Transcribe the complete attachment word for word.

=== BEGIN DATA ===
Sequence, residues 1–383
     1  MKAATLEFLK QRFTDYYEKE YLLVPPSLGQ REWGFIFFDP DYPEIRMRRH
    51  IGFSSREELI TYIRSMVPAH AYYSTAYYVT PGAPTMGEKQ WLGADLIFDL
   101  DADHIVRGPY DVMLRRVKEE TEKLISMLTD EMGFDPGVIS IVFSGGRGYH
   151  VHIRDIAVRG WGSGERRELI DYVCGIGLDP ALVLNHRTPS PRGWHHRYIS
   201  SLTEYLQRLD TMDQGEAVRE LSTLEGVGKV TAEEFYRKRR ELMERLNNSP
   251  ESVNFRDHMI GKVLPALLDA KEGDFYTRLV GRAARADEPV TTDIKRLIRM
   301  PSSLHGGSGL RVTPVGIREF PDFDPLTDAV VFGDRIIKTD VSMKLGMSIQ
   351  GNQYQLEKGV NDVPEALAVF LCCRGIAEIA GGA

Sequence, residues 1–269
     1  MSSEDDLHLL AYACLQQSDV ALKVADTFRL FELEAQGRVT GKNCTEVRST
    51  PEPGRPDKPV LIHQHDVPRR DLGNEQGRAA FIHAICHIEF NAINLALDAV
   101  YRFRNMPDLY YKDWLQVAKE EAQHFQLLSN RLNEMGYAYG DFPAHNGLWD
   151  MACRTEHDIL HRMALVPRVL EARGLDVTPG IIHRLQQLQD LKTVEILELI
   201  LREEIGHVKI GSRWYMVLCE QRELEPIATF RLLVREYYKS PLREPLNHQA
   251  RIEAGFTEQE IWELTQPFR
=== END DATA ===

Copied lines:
Sequence, residues 1–383
     1  MKAATLEFLK QRFTDYYEKE YLLVPPSLGQ REWGFIFFDP DYPEIRMRRH
    51  IGFSSREELI TYIRSMVPAH AYYSTAYYVT PGAPTMGEKQ WLGADLIFDL
   101  DADHIVRGPY DVMLRRVKEE TEKLISMLTD EMGFDPGVIS IVFSGGRGYH
   151  VHIRDIAVRG WGSGERRELI DYVCGIGLDP ALVLNHRTPS PRGWHHRYIS
   201  SLTEYLQRLD TMDQGEAVRE LSTLEGVGKV TAEEFYRKRR ELMERLNNSP
   251  ESVNFRDHMI GKVLPALLDA KEGDFYTRLV GRAARADEPV TTDIKRLIRM
   301  PSSLHGGSGL RVTPVGIREF PDFDPLTDAV VFGDRIIKTD VSMKLGMSIQ
   351  GNQYQLEKGV NDVPEALAVF LCCRGIAEIA GGA

Sequence, residues 1–269
     1  MSSEDDLHLL AYACLQQSDV ALKVADTFRL FELEAQGRVT GKNCTEVRST
    51  PEPGRPDKPV LIHQHDVPRR DLGNEQGRAA FIHAICHIEF NAINLALDAV
   101  YRFRNMPDLY YKDWLQVAKE EAQHFQLLSN RLNEMGYAYG DFPAHNGLWD
   151  MACRTEHDIL HRMALVPRVL EARGLDVTPG IIHRLQQLQD LKTVEILELI
   201  LREEIGHVKI GSRWYMVLCE QRELEPIATF RLLVREYYKS PLREPLNHQA
   251  RIEAGFTEQE IWELTQPFR